Garth’s many books include the Old Kingdom fantasy series, beginning with Sabriel and continuing to Goldenhand; the sci-fi novels Shade’s Children and A Confusion of Princes; the Regency romance with magic Newt’s Emerald; and novels for children including The Ragwitch, the Seventh Tower series, the Keys to the Kingdom series, and Frogkisser!, which is now in development as a feature film with Fox Animation/Blue Sky Studios. Garth has written numerous short stories, some of which are collected in Across the Wall and To Hold the Bridge. He has also cowritten several children’s book series with Sean Williams, including TroubleTwisters and Have Sword, Will Travel.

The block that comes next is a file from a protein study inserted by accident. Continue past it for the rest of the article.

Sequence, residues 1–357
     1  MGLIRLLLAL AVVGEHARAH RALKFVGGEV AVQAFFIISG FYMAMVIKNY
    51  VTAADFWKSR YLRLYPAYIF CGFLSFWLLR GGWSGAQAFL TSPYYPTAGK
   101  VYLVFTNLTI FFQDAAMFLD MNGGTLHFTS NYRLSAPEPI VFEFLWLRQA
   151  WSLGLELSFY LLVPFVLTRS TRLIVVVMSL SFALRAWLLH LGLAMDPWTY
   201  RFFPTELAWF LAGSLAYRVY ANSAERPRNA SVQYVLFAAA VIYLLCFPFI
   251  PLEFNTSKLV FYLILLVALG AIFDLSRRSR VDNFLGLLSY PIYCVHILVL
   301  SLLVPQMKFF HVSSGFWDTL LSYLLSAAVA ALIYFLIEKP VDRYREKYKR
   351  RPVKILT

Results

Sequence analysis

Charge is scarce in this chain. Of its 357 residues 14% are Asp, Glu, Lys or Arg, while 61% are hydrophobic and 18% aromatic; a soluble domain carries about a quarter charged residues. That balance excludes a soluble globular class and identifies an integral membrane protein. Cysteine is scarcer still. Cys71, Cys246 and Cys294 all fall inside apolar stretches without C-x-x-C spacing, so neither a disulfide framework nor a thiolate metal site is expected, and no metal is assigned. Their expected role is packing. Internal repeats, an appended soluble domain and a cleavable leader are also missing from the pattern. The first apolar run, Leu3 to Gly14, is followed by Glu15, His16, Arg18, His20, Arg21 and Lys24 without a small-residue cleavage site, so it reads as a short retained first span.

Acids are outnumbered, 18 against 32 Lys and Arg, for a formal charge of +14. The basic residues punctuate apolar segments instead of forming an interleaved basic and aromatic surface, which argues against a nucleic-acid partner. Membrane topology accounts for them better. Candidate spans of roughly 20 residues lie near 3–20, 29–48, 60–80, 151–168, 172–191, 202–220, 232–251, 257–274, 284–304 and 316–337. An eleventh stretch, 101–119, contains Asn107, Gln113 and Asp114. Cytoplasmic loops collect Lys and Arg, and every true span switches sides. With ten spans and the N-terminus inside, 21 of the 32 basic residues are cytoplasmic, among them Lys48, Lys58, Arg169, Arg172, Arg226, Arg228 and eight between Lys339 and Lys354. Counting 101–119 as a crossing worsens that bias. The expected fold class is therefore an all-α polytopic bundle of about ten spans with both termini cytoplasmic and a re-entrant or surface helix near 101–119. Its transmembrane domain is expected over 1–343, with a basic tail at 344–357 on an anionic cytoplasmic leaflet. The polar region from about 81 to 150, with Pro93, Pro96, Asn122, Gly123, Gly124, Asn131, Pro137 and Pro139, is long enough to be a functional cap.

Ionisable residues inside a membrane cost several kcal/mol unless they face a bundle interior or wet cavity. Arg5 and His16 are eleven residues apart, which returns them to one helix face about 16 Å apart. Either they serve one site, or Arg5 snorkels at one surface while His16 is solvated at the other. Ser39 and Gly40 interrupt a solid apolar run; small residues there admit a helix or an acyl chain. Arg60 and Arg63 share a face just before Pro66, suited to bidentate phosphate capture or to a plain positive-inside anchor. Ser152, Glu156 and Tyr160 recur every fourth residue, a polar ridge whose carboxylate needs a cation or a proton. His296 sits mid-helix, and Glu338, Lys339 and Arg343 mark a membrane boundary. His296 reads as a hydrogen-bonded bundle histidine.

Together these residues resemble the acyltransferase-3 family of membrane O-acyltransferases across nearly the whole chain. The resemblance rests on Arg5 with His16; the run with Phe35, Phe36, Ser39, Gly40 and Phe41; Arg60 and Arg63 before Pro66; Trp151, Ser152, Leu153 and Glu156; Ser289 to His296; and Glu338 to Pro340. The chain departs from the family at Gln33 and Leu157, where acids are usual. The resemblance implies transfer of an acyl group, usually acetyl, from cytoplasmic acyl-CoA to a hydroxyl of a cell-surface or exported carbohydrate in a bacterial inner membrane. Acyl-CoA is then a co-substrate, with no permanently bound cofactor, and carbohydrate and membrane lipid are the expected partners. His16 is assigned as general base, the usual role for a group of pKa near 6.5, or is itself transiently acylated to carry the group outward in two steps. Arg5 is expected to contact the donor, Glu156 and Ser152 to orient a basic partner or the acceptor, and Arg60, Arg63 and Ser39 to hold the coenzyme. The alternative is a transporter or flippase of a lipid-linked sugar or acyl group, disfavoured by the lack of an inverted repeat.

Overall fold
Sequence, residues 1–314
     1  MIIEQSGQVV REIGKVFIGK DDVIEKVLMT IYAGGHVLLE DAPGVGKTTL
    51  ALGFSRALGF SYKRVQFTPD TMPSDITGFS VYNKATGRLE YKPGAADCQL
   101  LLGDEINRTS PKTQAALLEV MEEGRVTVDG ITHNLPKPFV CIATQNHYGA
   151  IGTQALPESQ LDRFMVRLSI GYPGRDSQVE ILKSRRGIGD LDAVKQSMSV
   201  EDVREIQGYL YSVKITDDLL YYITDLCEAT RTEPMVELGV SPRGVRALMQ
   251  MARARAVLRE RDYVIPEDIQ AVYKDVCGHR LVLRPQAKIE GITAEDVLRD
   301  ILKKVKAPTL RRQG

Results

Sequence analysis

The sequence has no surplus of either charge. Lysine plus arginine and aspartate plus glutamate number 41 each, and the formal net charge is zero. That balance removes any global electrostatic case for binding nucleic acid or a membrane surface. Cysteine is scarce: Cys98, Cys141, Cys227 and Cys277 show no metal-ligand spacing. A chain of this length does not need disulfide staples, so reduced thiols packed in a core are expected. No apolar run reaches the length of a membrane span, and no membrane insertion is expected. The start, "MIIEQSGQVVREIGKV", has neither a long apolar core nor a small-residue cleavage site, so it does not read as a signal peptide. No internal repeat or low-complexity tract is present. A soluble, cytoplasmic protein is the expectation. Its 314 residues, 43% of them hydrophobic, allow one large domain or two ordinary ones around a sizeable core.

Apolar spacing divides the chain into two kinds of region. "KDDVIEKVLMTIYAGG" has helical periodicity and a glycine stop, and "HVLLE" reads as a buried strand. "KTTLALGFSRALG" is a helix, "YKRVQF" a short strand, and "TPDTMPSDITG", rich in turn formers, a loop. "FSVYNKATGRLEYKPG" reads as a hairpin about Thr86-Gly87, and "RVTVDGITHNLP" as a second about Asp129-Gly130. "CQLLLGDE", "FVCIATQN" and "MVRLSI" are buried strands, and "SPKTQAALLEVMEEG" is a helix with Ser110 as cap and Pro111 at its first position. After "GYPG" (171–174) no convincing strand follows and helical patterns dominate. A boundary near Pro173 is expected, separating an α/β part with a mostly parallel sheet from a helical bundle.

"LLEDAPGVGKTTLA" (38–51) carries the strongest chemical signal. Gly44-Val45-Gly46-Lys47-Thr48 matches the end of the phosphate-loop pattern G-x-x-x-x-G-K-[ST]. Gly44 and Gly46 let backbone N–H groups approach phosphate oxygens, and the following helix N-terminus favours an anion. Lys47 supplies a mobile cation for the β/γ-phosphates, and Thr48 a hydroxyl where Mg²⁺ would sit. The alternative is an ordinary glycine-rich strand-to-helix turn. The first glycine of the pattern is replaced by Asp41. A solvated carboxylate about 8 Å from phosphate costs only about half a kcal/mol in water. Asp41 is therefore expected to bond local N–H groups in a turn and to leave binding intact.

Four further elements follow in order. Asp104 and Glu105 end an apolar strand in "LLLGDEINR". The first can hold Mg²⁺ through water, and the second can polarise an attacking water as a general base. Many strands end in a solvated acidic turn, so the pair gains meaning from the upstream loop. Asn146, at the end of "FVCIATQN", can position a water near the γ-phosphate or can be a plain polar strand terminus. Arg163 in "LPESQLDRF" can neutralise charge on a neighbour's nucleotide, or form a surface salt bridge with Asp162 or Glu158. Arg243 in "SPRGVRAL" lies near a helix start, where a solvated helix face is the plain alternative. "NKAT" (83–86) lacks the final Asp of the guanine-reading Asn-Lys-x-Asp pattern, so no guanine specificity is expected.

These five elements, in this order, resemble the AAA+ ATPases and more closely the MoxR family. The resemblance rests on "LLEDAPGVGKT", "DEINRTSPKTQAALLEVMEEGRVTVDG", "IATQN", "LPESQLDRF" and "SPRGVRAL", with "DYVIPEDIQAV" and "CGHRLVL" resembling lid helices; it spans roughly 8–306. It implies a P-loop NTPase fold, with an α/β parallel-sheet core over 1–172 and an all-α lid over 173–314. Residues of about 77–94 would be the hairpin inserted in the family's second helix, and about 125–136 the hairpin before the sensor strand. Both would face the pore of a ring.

More than six million copies of his books have been sold around the world and his work has been translated into forty-two languages. You can find him online at

Read an Excerpt

Chapter One

An Ill-favored Birthday

Deep within a dream, Lirael felt someone stroking her forehead. A gentle, soft touch, a cool hand upon her own fevered skin. She felt herself smile, enjoying the touch. Then the dream shifted, and her forehead wrinkled. The touch was no longer soft and loving, but rough and rasping. No longer cool, but hot, burning her --

She woke up. It took her a second to realize that she'd clawed the sheet away and had been lying facedown on the coarsely woven mattress cover. It was wool and very scratchy. Her pillow lay on the floor. The pillowcase had been torn off in the course of some nightmare and now hung from her chair.

Lirael looked around the small chamber, but there were no signs of any other nocturnal damage. Her simple wardrobe of dressed pine was upright, the dull steel latch still closed. The desk and chair still occupied the other corner. Her practice sword hung in its scabbard on the back of the door.